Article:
Those who enroll in Portuguese language courses will meet some very good-humored words and expressions to deal with major or minor "headaches" of every-day existence, especially in our dealings with other people. A small problem facing us may be described in Portuguese as um pepino ( "a cucumber") while a big one where a solution is too difficult to reach is considered in Portuguese to be um abacaxi ( "a pineapple"). This word is picturesque indeed for to peel a pineapple is a real chore and no doubt this is why Americans prefer their pineapples in cans. When a person who displeases us finally decides to go away, we often mutter the words "Good riddance". In Portuguese, one often says, já vai tarde or "he is leaving late"!

Only those who have learned Portuguese can appreciate the very pithy idiomatic expression "golpe do baú", which describes the situation in which one not very well-to-do individual finds a very affluent marriage partner and lives "happily ever after". This expression, literally "the coup of the trunk" reveals its age for it refers to a time when rich spouses kept their money and jewels in trunks rather than in safety deposit boxes.

A look at color terms in the different languages of the world will indicate their specific nature and provide a glimpse of different cultures. In Portuguese, when things are going great and life is fine, Brazilians say Tudo Azul! Quite different from English where the color "blue" designates just the opposite. In Portuguese one can buy "red eggs" or ovos vermelhos while in English they are brown. People who are jealous of their neighbors' goods in Portuguese are roxas de inveja ("purple with envy). In English, jealousy is associated with the color "green", that is, "green with envy".

All languages show distinctiveness in their use of numbers in idiomatic expressions. The number 13 is not unlucky as in English. In Brazil, the thirteenth floor of apartment houses and office buildings are duly marked. In some countries the 13th floor is simply skipped. A nice name for a business that sells lottery tickets is “Bola 13” (“Ball 13”). There is also a chain of supermarkets in São Paulo (the largest city in Brazil) that bears the name “Bazaar 13” . The English expression “half a dozen of one and a half dozen of another” is eight or eighty (“oito ou oitenta”) in Portuguese. Cats in Brazil are tougher than their counterparts in Britain and in the USA for they get along very well with “seven lives” rather than nine.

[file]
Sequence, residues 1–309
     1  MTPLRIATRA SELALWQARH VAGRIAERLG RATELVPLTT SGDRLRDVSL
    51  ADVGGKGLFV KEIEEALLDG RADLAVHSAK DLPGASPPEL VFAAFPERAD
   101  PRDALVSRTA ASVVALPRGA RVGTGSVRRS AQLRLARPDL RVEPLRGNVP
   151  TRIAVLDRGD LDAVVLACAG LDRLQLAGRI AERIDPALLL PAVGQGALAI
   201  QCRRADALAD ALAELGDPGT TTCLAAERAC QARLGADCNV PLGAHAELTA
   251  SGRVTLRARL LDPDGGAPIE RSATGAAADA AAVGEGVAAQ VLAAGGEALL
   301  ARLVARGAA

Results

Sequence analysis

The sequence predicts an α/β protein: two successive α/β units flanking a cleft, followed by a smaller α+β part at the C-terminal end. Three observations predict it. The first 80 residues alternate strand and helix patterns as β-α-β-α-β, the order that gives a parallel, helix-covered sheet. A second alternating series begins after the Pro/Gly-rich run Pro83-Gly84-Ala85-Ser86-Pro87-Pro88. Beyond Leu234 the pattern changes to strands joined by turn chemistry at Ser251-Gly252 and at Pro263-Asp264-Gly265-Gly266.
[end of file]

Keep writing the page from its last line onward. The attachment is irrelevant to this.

There are many other reasons for leaning Portuguese. The most obvious reason is that knowing another language can open up job opportunities in a variety of fields. Candidates for employment in the USA who know Portuguese can find a variety of jobs in tourism, social work, sales and services, translation and interpreting and in teaching.

The Brazilian Ministry of Education (MEC) offers in July or December of each year—a proficiency exam for the Certificate of Proficiency in Portuguese as a Foreign Language ( This test has both a written and oral component to evaluate linguistic and communicative competence in Portuguese.

Many people believe that globalization at the present time is slowly undermining cultural, economic and political distinctions. While it is true that the varied forces of internationalism are contributing to the inter-dependence of nations, fortunately there exist in the world pockets of resistance to globalizing tendencies. Groupings of different nations such as the Hispanic countries in Latin America in addition to Spain, the Francophone nations that include a number of African countries, Quebec, France and Haiti (among others), and the different Portuguese-speaking countries all with their different heritages serve to offset, to some extent, the threat of cultural domination and homogenization.

A knowledge of things Luso-Brazilian, of the Luso-Brazilian world, replete with its varied cultural practices and identities provides those who are interested with a vast storehouse of information. Those who work in the area of Luso-Brazilian studies often specialize in one region or set of nations or in a particular discipline, be it literature, anthropology, economics, music or art. An important journal in this field is the Luso-Brazilian Review published at the University of Wisconsin (Madison). []